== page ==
Five questions about social media analytics in the energy and resources industries

An interview with Deloitte Risk and Financial Advisory leadership

For several years, social media data has been widely used to glean insights and information for marketing strategies and decisions. But only recently have analytics technologies and techniques become sophisticated and accessible enough to support corporate development, internal investigations, mergers and acquisitions (M&A) due diligence, litigation, jury selection, and assessing insider or activists threats. These new "sensing" capabilities present a key opportunity for organizations in the energy and resources sectors to address a variety of different risks. Whether identifying possible security or regulatory risks, supporting M&A, understanding the opposing party, selecting a jury, or deciding how to handle and diffuse internal or external opposition, Deloitte Risk and Financial Advisory's social media sensing capabilities have significant potential for assisting oil and gas industry clients.

Five questions about social media analytics in the energy and resources industries

In the past year or so, new analytic tools have emerged that gather information from publicly available social media content. Using a range of proprietary and commercially available tools and demonstrated Deloitte Risk and Financial Advisory investigative approaches, we can—in a matter of minutes—help uncover connections that previously may not have been identifiable. For example, we use this information, in tandem with traditional public record research, to help clients investigate potential security and insider threats and understand the social networks of environmental activists who have been significantly disrupting operations, particularly in the oil and gas industry. On a broader scale, we are using social media sensing to help identify bad actors in internal and FCPA investigations among employees and third-party vendors and understand their respective social networks.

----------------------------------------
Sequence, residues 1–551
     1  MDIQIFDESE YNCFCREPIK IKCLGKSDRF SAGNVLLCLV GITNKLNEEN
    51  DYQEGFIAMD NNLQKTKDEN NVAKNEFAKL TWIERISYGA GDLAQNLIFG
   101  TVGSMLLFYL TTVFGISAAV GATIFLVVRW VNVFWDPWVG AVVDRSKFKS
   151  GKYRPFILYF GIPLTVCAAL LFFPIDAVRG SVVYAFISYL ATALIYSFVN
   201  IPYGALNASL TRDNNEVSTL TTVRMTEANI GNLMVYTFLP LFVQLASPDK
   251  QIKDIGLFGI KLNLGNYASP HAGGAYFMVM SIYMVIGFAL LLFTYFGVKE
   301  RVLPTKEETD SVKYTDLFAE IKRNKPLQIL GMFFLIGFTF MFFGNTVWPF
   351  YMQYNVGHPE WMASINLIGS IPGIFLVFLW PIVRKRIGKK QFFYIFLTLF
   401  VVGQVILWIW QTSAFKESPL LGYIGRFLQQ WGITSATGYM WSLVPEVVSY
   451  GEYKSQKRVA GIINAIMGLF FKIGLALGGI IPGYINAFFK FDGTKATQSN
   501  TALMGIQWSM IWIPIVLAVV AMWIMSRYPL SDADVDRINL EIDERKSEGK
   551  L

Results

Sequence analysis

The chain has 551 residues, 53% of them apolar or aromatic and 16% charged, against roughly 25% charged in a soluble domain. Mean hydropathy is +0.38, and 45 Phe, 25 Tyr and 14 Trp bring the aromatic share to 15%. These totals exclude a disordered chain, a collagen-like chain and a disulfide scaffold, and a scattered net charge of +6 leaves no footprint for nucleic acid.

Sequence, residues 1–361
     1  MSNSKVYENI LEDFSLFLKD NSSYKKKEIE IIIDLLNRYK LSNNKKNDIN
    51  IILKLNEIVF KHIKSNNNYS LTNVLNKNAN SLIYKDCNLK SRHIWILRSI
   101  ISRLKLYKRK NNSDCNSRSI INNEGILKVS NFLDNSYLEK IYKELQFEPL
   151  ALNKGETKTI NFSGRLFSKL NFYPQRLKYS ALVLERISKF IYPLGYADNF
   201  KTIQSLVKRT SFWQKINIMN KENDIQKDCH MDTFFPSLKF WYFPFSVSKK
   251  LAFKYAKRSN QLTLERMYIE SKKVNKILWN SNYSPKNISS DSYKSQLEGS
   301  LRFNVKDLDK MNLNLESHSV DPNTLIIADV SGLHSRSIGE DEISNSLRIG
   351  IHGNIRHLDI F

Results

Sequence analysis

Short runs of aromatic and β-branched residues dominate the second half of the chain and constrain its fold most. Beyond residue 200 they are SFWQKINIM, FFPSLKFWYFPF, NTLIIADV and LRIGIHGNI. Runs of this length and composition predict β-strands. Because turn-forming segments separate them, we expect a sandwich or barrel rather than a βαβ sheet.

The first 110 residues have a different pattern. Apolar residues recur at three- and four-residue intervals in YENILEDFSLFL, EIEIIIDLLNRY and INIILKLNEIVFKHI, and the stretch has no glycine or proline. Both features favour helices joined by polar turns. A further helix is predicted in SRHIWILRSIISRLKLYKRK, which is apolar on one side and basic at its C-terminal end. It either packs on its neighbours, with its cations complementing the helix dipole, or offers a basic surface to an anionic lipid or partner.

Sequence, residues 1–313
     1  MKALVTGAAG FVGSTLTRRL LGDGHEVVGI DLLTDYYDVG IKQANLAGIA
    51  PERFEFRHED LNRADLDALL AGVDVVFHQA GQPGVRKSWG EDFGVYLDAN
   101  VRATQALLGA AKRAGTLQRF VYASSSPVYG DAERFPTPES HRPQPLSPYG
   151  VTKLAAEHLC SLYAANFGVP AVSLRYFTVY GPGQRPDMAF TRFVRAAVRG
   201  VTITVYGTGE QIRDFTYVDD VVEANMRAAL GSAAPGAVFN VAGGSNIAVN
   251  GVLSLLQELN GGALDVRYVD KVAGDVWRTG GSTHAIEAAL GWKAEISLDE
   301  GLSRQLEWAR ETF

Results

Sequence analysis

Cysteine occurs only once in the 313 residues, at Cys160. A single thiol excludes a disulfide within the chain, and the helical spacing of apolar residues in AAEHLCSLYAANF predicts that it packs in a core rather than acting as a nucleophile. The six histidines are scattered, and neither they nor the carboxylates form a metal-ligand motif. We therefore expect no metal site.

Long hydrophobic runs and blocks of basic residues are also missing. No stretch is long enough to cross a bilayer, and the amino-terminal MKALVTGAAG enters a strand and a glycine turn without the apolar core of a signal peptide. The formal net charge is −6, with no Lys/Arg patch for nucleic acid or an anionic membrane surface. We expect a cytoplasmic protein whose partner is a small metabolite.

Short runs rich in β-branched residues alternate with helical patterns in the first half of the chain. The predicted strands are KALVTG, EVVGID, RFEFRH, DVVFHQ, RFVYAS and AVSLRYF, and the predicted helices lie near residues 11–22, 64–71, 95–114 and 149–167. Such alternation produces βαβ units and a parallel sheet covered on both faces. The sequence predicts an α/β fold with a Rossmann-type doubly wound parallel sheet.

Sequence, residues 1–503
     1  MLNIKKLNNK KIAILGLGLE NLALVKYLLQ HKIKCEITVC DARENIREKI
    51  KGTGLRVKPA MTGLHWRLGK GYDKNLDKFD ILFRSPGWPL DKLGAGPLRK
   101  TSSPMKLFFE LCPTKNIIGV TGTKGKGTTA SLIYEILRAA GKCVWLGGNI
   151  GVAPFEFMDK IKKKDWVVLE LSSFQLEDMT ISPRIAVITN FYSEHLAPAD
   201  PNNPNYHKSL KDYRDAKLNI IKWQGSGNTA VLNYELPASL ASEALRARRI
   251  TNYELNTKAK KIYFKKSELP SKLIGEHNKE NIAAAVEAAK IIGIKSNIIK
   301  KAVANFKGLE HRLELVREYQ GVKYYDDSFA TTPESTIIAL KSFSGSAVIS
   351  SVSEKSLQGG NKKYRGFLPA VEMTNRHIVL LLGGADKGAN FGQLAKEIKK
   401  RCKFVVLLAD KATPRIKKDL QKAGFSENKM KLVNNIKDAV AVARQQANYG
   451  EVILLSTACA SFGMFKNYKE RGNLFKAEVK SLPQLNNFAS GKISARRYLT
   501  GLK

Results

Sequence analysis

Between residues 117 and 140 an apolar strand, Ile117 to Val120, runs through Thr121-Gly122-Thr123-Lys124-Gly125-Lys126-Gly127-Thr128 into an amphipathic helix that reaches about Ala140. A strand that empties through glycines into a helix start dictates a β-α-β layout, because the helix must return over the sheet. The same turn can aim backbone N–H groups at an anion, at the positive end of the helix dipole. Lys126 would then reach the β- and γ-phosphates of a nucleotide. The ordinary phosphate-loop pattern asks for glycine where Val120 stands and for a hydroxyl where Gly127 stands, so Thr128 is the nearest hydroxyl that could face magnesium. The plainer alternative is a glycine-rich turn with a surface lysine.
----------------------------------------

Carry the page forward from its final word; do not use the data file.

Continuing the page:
This report seeks to answer the following five questions:
Question #1:

What opportunity does social media sensing provide?

Question #2:
Why should energy and resources companies pay attention?

Question #3:
How does social media sensing work?

Question #4:
How is Deloitte Risk and Financial Advisory using these capabilities specifically in the energy and resources industry?

Question #5:
What are the leading social media sites for investigative purposes?

Key takeaways for energy and resources companies

Oil and gas companies face an array of risks today, from external threats like physical and cyber security, regulatory investigations of fraud, and continuing pressure from environmental groups and other activists, to intrinsic concerns like capital allocation and stakeholder management. Social media analytics can help organizations scan for previously identified threats—as well as pinpoint potential newer threats that have not been recognized before. Many companies, including those in the energy and resources industries, are still adapting their risk management capabilities to the rapidly expanding threat environment globally. The type of risk sensing Deloitte Risk and Financial Advisory now offers can be foundational to our clients' abilities to assess, monitor, and manage risks going forward, whether those risks are transactional, operational, or event-driven.

As used in this document, “Deloitte Risk and Financial Advisory” means Deloitte & Touche LLP, which provides audit and enterprise risk services; Deloitte Financial Advisory Services LLP, which provides forensic, dispute, and other consulting services; and its affiliate, Deloitte Transactions and Business Analytics LLP, which provides a wide range of advisory and analytics services. Deloitte Transactions and Business Analytics LLP is not a certified public accounting firm. These entities are separate subsidiaries of Deloitte LLP. Please see for a detailed description of the legal structure of Deloitte LLP and its subsidiaries. Certain services may not be available to attest clients under the rules and regulations of public accounting.

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